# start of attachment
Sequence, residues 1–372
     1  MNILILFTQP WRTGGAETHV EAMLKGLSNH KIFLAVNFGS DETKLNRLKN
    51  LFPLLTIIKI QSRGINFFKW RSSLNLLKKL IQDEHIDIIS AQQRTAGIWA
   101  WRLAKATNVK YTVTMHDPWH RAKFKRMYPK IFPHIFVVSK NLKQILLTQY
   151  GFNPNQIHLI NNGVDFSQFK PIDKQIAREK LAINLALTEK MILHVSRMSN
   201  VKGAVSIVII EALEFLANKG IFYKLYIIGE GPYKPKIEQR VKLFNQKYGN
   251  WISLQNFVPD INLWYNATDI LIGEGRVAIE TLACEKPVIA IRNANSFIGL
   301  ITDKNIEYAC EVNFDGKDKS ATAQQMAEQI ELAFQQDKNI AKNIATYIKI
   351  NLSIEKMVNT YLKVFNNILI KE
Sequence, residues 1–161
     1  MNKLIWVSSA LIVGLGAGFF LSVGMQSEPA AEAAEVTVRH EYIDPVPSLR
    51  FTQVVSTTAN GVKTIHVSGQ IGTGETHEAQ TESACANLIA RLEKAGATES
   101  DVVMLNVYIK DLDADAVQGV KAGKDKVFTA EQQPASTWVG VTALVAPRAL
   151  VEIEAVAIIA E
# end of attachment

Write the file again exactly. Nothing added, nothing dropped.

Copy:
Sequence, residues 1–372
     1  MNILILFTQP WRTGGAETHV EAMLKGLSNH KIFLAVNFGS DETKLNRLKN
    51  LFPLLTIIKI QSRGINFFKW RSSLNLLKKL IQDEHIDIIS AQQRTAGIWA
   101  WRLAKATNVK YTVTMHDPWH RAKFKRMYPK IFPHIFVVSK NLKQILLTQY
   151  GFNPNQIHLI NNGVDFSQFK PIDKQIAREK LAINLALTEK MILHVSRMSN
   201  VKGAVSIVII EALEFLANKG IFYKLYIIGE GPYKPKIEQR VKLFNQKYGN
   251  WISLQNFVPD INLWYNATDI LIGEGRVAIE TLACEKPVIA IRNANSFIGL
   301  ITDKNIEYAC EVNFDGKDKS ATAQQMAEQI ELAFQQDKNI AKNIATYIKI
   351  NLSIEKMVNT YLKVFNNILI KE
Sequence, residues 1–161
     1  MNKLIWVSSA LIVGLGAGFF LSVGMQSEPA AEAAEVTVRH EYIDPVPSLR
    51  FTQVVSTTAN GVKTIHVSGQ IGTGETHEAQ TESACANLIA RLEKAGATES
   101  DVVMLNVYIK DLDADAVQGV KAGKDKVFTA EQQPASTWVG VTALVAPRAL
   151  VEIEAVAIIA E